Welcome to a (virtual) vernissage!
By Marisa Romano
One vacated storefront at Lansdowne is lighting up again to shine a spotlight on the joyful creations of our local artists. The new occupants are painters and photographers who have showcased their work in our Glebe gardens over the past years (glebearttour.ca).
After the virtual exhibit that replaced this year’s Art in Our Gardens and Studio Tour, nine artists came to “live” in the space once occupied by Structube. The empty storeroom roared back to life when the artists arrived with their artworks. Amid the hustle and bustle and happy chuckles muffled by distance and facemasks, they eagerly hung paintings and photographs.
At any other time, the November 20th opening would have been a far-reaching event celebrated by a fitting vernissage that allowed attendees to meet all the artists. Instead, the event unfolded quietly. In keeping with pandemic restrictions, the lead-in had no fanfare, no spirits and no food.
But we could not let go of the food and drink part, so here is what you would have found on the food table had there been a grand opening. Some of the artists have shared their favourite amuse-bouche, and Devon Bowers-Krishnan, the award-winning sommelier of Atelier restaurant – a local artist of another kind – suggests the perfect wine pairing for a full appreciation of the dishes.
Linda Bordage enjoys working with oils for their range of colour mixture but also explores other media. She has presented her work in exhibits and galleries in Ottawa and its surroundings. Some of her originals are available at Art Lending Ottawa.
She proposes the classic fresh figs wrapped in strips of lean prosciutto, but with a twist. Bordage serves figs alongside pears and wraps the Italian dry-cured charcuterie around the quartered fruits. She presents the skewered morsels on a platter with cherry tomatoes and a variety of olives. “It looks good and tastes great,” she assures me.
Bowers-Krishnan suggests a “fresh, tart sparkling wine to contrast the salty, fatty nature of the meat” – Flat Rock Riddled Sparkling 2017 from Niagara. For red wine lovers, his pick is Il Molino Di Grace Chianti Classico 2015 with red berry aroma, complex tones and good acidity that stand up to the dish.
An artist appreciated in Ontario, Quebec and the U.S., Roy Brash uses acrylic paint and vivid colours to tell stories and depict emotions. You will probably recognise his water scenes, one of his favourite subjects. He offers a take from a Ricardo recipe: Avocado and Shrimp Verrines. In a shooter glass, layer 1tbsp guacamole, 1 tsp of sour cream or plain Greek yogurt, three Nordic shrimps tossed in lemon juice, a drib of salsa and some chopped cucumber. Prepare ahead of time and keep in the fridge. Sprinkle chopped chives before serving. These verrines are a regular addition to Brash’s Christmas table. “They are a hit and show so well!” he says.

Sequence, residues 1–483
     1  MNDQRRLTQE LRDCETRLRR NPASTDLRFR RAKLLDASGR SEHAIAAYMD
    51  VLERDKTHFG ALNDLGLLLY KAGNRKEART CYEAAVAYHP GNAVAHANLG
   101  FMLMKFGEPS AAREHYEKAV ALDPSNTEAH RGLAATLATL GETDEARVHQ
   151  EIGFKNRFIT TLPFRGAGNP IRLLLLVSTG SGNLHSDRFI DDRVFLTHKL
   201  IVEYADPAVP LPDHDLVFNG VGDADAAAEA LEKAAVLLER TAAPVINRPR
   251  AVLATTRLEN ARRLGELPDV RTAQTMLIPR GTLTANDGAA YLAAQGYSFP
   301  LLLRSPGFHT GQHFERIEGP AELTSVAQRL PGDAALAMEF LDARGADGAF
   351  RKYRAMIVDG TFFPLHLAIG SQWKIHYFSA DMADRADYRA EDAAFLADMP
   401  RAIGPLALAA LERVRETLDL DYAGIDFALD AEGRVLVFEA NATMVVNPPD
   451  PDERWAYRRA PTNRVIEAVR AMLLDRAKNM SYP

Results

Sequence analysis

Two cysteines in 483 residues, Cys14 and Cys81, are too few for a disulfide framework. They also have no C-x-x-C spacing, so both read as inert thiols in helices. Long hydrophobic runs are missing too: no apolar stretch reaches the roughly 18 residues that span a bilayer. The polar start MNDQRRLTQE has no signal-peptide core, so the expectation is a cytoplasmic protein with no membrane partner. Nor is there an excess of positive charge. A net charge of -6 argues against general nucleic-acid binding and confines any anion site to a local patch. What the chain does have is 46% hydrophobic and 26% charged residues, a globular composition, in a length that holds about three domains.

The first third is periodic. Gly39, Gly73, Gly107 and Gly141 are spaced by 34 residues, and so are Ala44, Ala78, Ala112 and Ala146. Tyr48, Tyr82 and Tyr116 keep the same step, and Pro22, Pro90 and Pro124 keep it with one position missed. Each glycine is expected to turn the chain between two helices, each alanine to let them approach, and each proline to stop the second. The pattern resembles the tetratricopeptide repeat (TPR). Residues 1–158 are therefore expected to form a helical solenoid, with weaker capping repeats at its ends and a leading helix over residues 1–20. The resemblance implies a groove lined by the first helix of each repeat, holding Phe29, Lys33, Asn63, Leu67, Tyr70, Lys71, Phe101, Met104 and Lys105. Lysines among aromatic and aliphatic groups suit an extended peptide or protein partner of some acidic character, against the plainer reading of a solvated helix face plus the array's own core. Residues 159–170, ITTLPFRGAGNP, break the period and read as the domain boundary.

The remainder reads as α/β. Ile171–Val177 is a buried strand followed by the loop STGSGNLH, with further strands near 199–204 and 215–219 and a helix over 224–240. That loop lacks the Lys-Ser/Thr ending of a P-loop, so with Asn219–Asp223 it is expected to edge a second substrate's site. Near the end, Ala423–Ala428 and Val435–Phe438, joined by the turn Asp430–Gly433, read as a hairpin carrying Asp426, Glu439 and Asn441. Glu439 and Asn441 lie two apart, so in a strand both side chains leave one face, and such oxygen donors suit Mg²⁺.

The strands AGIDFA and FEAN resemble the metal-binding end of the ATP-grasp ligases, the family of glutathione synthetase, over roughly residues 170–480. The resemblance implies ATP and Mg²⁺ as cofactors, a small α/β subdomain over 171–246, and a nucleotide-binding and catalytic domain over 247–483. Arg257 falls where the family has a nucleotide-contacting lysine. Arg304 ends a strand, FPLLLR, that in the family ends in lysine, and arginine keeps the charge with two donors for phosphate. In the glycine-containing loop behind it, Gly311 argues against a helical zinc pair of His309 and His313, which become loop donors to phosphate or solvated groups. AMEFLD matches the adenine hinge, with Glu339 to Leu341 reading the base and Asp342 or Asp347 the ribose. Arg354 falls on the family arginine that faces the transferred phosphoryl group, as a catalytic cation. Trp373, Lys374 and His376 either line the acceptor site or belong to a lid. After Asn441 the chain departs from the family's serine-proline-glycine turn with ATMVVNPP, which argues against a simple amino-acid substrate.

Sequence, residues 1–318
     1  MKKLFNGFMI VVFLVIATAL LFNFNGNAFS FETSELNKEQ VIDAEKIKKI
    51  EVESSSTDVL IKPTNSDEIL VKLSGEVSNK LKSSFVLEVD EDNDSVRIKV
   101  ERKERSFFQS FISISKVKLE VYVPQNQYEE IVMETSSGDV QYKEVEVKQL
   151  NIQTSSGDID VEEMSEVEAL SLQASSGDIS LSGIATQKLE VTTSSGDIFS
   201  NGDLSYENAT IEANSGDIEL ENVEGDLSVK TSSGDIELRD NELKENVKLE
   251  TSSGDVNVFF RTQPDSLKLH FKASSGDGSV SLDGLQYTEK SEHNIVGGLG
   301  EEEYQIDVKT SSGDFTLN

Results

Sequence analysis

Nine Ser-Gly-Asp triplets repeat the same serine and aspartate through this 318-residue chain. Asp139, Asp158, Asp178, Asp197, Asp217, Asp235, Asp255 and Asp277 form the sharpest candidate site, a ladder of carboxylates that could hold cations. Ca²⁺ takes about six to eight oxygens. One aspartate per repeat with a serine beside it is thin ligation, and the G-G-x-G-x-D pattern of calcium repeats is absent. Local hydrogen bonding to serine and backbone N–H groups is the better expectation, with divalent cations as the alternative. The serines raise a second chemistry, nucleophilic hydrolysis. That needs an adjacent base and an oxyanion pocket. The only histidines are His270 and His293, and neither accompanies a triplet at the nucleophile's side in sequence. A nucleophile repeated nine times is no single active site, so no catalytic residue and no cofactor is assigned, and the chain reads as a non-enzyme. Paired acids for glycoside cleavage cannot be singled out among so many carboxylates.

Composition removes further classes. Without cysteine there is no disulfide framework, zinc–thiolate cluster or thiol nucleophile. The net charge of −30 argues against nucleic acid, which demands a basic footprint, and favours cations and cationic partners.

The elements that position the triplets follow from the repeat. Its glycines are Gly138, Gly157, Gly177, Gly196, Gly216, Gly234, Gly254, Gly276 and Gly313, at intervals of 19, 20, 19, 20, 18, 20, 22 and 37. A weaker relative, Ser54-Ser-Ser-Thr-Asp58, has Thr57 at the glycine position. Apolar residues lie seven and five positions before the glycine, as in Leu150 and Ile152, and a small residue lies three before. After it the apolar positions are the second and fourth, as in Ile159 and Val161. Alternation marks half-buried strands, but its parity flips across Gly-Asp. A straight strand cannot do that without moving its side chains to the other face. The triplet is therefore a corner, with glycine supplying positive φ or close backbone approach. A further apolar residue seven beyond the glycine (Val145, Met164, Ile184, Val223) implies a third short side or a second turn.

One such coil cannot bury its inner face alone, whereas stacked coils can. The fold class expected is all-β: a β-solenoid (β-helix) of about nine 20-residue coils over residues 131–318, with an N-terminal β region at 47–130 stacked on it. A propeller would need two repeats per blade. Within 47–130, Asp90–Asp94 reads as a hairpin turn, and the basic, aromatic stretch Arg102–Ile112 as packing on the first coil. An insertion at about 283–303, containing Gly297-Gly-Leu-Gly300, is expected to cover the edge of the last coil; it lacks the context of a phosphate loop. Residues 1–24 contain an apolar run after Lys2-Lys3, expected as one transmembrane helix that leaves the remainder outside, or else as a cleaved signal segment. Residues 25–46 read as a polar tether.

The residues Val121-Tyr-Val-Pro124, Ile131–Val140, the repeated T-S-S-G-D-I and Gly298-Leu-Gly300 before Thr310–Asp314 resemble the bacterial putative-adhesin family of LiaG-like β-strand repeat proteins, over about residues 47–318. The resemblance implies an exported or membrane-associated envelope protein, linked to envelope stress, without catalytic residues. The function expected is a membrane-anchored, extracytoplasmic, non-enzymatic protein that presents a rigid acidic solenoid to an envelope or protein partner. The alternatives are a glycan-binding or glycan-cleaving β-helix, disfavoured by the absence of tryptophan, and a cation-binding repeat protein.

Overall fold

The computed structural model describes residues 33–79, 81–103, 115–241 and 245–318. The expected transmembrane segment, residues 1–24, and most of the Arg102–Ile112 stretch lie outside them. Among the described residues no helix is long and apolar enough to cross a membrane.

Bowers-Krishnan proposes a pairing that “contrasts the rich and creamy nature of the avocado without overpowering the delicate nature of the shrimp.” Craggy Range Te Muna Sauvignon Blanc 2018 from his favourite New Zealand producer or a crisp light red, Malivoire Gamay Noir from Niagara.
Andrew Cardozo is a painter who uses canvas to capture the beauty of nature. In his acrylic paintings, you find iconic and abstract landscapes. His work is hanging in various locations in Canada, the U.S. and beyond. He brings to the table a classic charcuterie board with a mixture of savoury and sweet tastes. His favourite morsels are dried sausage and Mimolette, the French cheese with its signature yellow colour and distinctive nutty, intense taste. “Additions can be hot mustard, confit of figues (fig jelly) or even a spot of raspberry jam. The effect is a mmmm as you put it in your mouth.”
“For wines, think versatility to go with the broad selection of different items on the board,” says Bowers-Krishnan. He suggests Hidden Bench Terror Cache 2017 Niagara, Bordeaux blend, Merlot, Cabernet Sauvignon and Cabernet Franc. For white, try Assyrtiko from Santorini, Greece; it has tart high acid with a salty taste and a round, rich body.
“Although we are concerned about COVID, we need some joy in our lives, and the pop-up art gallery could help to lift our spirits,” says Martha Bowers, one of the organizers. “We will be careful and try to keep everyone safe.”
If you are looking for a bit of joy in this gloomy time of pandemic, drop by the former Structube store at Lansdowne to check out our local art while imagining the best of food and wine. The gallery runs on weekends from November 20 to December 31 (Friday 2 p.m. to 5 p.m., Saturday and Sunday 11 a.m. to 5 p.m.)
Marisa Romano is a foodie and scientist with a sense of adventure who appreciates art, food and bringing people together.